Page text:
by Susan Reed
Elastomeric Material Solutions
A member of our Rogers’ marketing communications team had the opportunity to work for a brief stint on the shoe buying team of one of America’s largest retailers. As Rogers is a major supplier of cushioning materials to the shoe industry, we thought it would be fun to learn more about her experience from the “other side of the desk.” Macey Streeper, who now works as a Marketing Communications Specialist for Rogers, willingly shared some aspects and insights from her former job with us during a recent interview.
INTERVIEWER: How does a buyer decide whether or not to stock a specific shoe?
Streeper: When choosing an individual shoe, we’d consider whether or not it would be ‘on trend’ for the next season. I was there for about three months at a good time because I got to buy for two seasons; the spring to summer season and the fall to winter season. Basically, we had to determine if the shoe was ‘on trend’ or if it was a classic style that would be usable for the next season. Obviously, the shoe had to visually appeal to the customer and, for comfort shoes, it had to feel good in the hand. You had to be able to hold it and squeeze it and feel some comfort aspect. This is because when a customer is shopping in the store, that’s the first thing they do — they pick up the shoe and if it doesn’t feel like it’s going to be comfortable they’re less likely to try it on.
INTERVIEWER: What did you look for in putting together a good assortment?
Streeper: For the entire assortment, we’d strive to achieve a mix of styles that are classic and styles that are a little more trendy or seasonal. We would also look for a mix of colors. We’d focus on the everyday colors like black and brown and, during the summer, white. But then styles with trendy colors, fun patterns, rose gold, and other accents would be taken into consideration. We were always looking to achieve a good balance in our assortment.
INTERVIEWER: What role does comfort play in the shoe market?
Streeper: Comfort shoes have come a long way. There used to be no style involved in the design process and now there are a few styles we ordered every season that were considered ‘old faithful’ because they were that comfortable. They were known to be comfortable but we were always pushing the edge of trendy styles in comfort shoes. It was a bit of a give-and-take. Stylish sells better than comfortable, but they’ll also be returned if they’re not comfortable.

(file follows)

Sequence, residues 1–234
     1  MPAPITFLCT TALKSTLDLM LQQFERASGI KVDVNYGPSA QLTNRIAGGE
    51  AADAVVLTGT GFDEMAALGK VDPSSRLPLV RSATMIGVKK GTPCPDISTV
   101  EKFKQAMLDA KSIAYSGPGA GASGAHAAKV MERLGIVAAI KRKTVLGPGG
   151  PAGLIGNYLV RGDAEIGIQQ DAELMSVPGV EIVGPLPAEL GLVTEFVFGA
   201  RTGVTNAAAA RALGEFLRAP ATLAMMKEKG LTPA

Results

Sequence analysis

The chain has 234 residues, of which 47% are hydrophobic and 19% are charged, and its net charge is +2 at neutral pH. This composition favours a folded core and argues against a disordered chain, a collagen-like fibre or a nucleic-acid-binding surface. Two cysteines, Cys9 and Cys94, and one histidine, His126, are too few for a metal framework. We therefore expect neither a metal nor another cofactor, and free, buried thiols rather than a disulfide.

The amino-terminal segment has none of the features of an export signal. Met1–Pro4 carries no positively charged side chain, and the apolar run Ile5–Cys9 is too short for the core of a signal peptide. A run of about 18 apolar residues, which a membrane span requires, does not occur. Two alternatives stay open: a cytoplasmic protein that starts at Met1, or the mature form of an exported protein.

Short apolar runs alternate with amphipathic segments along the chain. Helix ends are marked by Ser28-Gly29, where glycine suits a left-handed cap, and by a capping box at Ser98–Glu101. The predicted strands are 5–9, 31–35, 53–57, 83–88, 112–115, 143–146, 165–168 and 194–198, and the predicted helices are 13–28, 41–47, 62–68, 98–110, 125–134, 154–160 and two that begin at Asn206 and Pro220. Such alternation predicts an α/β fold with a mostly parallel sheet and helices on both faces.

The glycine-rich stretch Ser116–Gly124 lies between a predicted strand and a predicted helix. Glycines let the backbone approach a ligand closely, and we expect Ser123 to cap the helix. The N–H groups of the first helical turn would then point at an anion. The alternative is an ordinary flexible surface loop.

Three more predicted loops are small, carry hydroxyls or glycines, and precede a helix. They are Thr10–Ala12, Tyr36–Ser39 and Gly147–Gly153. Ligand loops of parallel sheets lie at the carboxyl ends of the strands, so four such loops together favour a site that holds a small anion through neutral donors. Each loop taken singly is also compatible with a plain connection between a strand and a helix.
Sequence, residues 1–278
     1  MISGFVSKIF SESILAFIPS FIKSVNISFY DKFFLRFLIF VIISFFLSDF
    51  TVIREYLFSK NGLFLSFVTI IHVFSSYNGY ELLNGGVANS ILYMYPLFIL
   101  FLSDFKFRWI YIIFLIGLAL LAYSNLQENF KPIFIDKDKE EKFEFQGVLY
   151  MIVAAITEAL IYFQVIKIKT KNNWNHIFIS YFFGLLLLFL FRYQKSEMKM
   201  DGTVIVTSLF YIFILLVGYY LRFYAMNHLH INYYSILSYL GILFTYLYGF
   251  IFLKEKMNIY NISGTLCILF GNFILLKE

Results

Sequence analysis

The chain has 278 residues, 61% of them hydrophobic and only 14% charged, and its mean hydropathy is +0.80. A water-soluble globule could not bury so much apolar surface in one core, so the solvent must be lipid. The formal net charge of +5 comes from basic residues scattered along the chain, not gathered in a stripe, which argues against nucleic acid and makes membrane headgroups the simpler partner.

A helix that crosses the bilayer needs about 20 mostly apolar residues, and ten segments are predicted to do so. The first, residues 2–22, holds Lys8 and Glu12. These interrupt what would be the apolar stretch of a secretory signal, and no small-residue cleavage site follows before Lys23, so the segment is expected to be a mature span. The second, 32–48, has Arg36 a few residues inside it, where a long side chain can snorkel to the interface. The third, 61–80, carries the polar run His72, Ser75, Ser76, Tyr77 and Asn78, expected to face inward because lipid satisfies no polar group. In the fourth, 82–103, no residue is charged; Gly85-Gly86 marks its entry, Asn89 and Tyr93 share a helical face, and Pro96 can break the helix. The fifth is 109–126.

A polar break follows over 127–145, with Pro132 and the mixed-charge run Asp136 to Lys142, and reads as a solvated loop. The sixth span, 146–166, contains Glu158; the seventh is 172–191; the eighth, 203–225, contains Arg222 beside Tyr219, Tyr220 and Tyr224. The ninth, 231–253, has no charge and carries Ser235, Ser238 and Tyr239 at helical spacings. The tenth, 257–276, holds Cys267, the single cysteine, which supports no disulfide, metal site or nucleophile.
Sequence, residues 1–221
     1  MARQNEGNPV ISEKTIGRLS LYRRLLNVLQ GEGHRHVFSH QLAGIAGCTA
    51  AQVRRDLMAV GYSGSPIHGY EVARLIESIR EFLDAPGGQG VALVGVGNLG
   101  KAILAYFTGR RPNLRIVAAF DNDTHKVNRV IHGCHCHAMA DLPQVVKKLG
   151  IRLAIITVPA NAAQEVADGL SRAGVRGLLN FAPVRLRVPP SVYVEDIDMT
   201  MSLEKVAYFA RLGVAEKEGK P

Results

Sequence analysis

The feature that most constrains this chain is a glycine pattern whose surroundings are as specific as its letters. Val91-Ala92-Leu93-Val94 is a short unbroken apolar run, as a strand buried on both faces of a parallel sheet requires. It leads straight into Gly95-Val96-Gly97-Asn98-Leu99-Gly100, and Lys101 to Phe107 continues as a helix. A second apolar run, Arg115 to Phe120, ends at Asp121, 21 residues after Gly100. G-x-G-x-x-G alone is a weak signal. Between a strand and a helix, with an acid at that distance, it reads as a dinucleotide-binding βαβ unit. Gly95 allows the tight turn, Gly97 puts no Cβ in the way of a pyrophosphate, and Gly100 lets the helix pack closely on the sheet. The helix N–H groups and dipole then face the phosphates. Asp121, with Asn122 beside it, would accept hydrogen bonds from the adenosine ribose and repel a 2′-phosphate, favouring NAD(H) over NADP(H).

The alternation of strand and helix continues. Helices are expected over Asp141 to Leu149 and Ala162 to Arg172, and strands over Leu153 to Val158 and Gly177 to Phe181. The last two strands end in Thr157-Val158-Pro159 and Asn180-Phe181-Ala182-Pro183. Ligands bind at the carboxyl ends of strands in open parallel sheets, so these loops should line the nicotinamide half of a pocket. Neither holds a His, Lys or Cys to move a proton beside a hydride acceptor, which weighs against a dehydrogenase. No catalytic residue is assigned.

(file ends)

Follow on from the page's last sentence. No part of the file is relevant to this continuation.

INTERVIEWER: Does technology help in the buying decision?
Streeper: Technology helps a lot. It’s hard for both the shoe buyer and the customer to tell whether a shoe will be comfortable. It can feel comfortable momentarily in a store or in a showroom, but unless you have some technology and data behind it, it’s difficult to be sure the comfort will last. Comfort shoes needed to stay comfortable in order to stay sold. It was a benefit to the shoe brand if we knew the shoes contained PORON® cushioning or if it was mentioned on the brand’s website – Kenneth Cole or Ariat for example.
INTERVIEWER: Can you give us an example where technology helps sell the shoe?
Streeper: I got to be part of the buying process for the Foot Petals brand of shoes which are targeted for comfort and have a good technology story. Foot Petals® is a brand that promotes PORON cushioning for its aftermarket cushion inserts. They started their company by selling these shoe inserts. Their website promotes the fact that PORON material provides superior shock absorption that never goes flat, and that the lightweight breathable material keeps feet cool, dry and comfortable with every step. The benefit that you get by adding Foot Petals inserts to any other shoe is now the technology is present throughout the entire shoe. Technology to sell shoes is even present in the stores’ comfort shoe displays.
INTERVIEWER: You mentioned you depended a lot on trends to figure out which shoes to buy, so how are those trends set?
Streeper: With the fashion industry, high-end fashion shows decide the major trends about a year out. They present the new designs which then lead to trends for colors, materials, and finishes. That all trickles down into what we would see in shoe trends. I always felt that shoes were one step behind because we would need to see what was going to be trendy on the rest of the body to know what kind of shoes would complementing those trends. But colors and materials, like metallics or suede, would all be decided ahead of time. There were also popular styles like mules and knee-high boots that we would buy without even seeing an example in-person because it was a new trend to keep up with. No matter what, it wasn’t so much relying on customer needs as it was just responding to the fashion industry.
Visit Foot Petals for more information on their line of PORON® enhanced inserts.
For more info on Dillard’s, visit www.dillards.com.
Published on Feb 01, 2019